The first climb up Fernan Creek road is paved and climbs 2518 feet over 8.95 miles. A mile later the burnt cabin trail tops out with a 1461 foot 3.08 mile rise. There is another good rise from burnt cabin saddle up to Spade Mountain but at the end of the day it is not much to worry about. From Spade mountain Trail 78 is some technical singletrack that drops down to the river. The descent is so long and difficult, it left me as wiped out as the climb that preceded it. FR 392 does a serpentine climb up to Hudlow saddle. The road barely tilts ups. It does most of it's 1743 feet of climbing in the switchback corners that are numerous during it's 6.35 mile length. From the saddle I took a wrong turn and made the descent down to Hayden lake a little early. The route was new so once I discovered I went the wrong way I decided it wasn't worth climbing a couple thousand extra feet just to come down the next road over. The 100 mile route won't come down this way in fact it will come up the road after descending Hell's Canyon trail. Ohio Match road is a bumpy dirt climb that starts behind Hayden Lake and climbs a mere 1666 feet over it 9.36 mile length. Yes, it is a gradual climb but considering it's placement towards the end of the ride in the afternoon sun; I started thinking about the end just after the halfway mark. The last couple of miles were an exercise in mental strength.
I decided to come down Canfield butte on trail 10 and was able to find it only after I found a couple of dead ends. For some reason I have a knack for picking dead end trails when I am at Canfield. Trail 10 is a douzy of a descent with trenches filled with rocks and plenty of root drops. I was pleased with my handling of the worst part at the top and feel like I am making progress with my technical riding ability. Of course, that doesn't seem right to say after the fall I took on the lower "easy" section.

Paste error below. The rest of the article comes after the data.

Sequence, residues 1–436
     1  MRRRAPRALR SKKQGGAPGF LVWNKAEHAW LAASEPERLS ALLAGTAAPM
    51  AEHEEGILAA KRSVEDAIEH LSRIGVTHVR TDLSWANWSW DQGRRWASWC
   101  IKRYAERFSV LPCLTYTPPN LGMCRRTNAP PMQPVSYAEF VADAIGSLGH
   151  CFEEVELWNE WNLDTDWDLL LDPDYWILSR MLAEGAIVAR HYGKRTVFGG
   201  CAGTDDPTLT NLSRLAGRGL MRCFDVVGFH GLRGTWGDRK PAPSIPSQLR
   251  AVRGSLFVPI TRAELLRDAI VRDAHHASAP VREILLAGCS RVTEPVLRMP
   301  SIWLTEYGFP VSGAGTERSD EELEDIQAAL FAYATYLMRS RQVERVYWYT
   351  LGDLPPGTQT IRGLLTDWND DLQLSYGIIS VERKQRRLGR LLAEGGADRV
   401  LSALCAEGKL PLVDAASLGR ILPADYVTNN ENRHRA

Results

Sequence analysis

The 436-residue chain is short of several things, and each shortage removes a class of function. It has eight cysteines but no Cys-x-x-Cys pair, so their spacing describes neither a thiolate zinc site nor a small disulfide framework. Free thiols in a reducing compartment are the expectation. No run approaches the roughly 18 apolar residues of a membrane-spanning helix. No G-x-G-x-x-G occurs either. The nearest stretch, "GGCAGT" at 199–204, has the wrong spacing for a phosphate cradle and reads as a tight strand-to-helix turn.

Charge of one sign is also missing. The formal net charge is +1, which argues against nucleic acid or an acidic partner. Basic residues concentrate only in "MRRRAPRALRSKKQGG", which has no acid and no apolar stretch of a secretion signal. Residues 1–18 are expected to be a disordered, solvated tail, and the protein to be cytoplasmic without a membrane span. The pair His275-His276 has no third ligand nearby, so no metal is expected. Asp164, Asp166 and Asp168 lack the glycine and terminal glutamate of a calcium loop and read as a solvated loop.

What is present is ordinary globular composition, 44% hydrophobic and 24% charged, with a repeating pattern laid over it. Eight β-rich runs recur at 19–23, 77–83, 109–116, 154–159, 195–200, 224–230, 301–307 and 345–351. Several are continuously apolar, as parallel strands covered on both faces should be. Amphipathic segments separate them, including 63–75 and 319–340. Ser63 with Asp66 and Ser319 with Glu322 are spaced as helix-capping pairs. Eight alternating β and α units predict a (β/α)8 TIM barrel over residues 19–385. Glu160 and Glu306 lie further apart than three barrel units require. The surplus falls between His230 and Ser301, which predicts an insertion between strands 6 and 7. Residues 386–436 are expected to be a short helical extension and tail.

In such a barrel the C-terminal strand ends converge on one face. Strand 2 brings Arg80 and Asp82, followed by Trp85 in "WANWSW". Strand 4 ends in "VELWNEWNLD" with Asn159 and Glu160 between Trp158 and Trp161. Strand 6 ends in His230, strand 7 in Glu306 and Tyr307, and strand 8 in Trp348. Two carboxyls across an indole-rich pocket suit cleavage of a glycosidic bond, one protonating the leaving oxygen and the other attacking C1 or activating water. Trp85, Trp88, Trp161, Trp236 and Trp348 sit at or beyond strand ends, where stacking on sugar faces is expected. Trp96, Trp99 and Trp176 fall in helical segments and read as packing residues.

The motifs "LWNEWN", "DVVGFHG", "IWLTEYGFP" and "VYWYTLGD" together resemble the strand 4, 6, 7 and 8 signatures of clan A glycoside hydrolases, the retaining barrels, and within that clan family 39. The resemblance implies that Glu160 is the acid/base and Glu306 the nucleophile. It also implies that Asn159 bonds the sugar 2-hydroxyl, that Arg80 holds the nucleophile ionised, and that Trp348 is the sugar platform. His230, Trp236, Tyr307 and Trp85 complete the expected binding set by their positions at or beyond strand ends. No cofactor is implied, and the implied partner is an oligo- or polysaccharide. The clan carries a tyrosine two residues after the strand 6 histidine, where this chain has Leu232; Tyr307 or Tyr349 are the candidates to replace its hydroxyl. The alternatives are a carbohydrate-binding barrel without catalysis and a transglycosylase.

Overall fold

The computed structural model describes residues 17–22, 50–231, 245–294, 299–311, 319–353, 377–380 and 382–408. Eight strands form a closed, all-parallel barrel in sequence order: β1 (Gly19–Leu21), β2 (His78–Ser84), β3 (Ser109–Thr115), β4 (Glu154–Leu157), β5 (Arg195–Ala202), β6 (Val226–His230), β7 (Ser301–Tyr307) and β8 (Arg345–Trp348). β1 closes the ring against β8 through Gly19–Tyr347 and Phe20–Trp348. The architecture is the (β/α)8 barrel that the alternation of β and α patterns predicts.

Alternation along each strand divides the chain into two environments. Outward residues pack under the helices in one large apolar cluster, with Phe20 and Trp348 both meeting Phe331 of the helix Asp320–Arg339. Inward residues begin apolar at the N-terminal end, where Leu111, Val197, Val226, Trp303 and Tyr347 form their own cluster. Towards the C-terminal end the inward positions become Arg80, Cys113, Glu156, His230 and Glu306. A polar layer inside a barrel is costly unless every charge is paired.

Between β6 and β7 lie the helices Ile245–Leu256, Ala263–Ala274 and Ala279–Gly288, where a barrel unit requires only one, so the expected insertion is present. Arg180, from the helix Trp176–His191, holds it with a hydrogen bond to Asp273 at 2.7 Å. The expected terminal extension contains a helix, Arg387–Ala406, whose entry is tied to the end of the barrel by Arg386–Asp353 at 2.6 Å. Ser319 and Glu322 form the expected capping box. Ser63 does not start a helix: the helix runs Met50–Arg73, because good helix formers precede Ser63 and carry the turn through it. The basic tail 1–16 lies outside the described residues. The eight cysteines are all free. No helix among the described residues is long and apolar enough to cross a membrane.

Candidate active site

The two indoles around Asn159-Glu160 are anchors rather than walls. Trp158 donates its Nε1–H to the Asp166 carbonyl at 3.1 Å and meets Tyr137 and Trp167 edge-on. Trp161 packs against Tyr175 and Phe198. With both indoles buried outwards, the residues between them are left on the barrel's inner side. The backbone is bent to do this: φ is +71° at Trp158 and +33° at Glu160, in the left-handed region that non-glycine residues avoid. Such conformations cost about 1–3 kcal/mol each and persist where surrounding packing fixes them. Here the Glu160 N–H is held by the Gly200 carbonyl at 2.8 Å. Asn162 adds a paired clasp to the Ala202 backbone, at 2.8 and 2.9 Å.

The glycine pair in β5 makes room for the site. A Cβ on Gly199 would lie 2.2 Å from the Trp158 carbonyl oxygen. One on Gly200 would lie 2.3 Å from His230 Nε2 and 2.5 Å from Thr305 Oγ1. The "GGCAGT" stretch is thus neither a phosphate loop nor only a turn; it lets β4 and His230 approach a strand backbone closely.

I still don't know what happened but I was cranking on the pedals and then I felt the whole drivetrain come to a short stop. While skidding I had enough time to think that I had survived another close call and then I went elbow first into the rocks.
I expected to see a mangled chain or a bent wheel but the bike was absolutely perfect. The numerous gouges in my forearm hurt like hell so I did not spend any time trying to see what the cause of the accident was. I had been riding six and a half hours at this point and the car was still 7 mile away. Having no more water made the last bit of riding a grueling slog.
I am clean and bandaged now and feel great about the riding yesterday.

Tuesday, September 4, 2007

Liberty Lake Climbing

Mt. Spokane was good fun last week but it was all about the downhill. This week Ben and I headed to Liberty Lake. Liberty Lake is all about the climbing. Even after getting to the top, the downhill is just what you do after the climbing. I always ride from the West side of the lake up tire shack hill. I rode up from the County park on east side once and did not really care for that route. The climbing from the lake up to Mica Peak is relentless and for a good stretch, utterly torturous. The rocky, rutted and steep section in the middle of the ride is difficult to walk (as I did) and nearly impossible to ride (as Ben did).
The trail starts at 2216 feet and we finished up 8.3 miles later at 4710 feet. We turned around at the rock shelter which is a false summit but the waning sunlight and my wasted legs told me to go home. I have a touch of some bug going around. I felt good at the start but the legs had no reserves. I kept bottoming out and the legs couldn't turn the pedals over. I haven't been so destroyed in years.
The downhill is stupid fast and filled with water trenches that are either perfect for a little airtime theatrics or for an unexpected endo at 25 miles an hour.
I am going to be using this climb as a marker for my fitness this fall. I would like to try it again Friday but I will see if my health returns enough.

Sunday, September 2, 2007

Glamour Shots

I have been riding the Independent Fabrications Steel Deluxe around for several hundred miles now and finally have some pictures of the bike. The fit has been dialed in now and I couldn't be happier.
This 4140 steel Surly Torsion Bar is 26.2 inches wide (666mm) and sports a nice 20 degree bend.

Single Speed and Phil Wood. Mmmm. 32 spokes and some heavy duty DT Swiss Tk 7.1 rims make the wheels heavy but bombproof.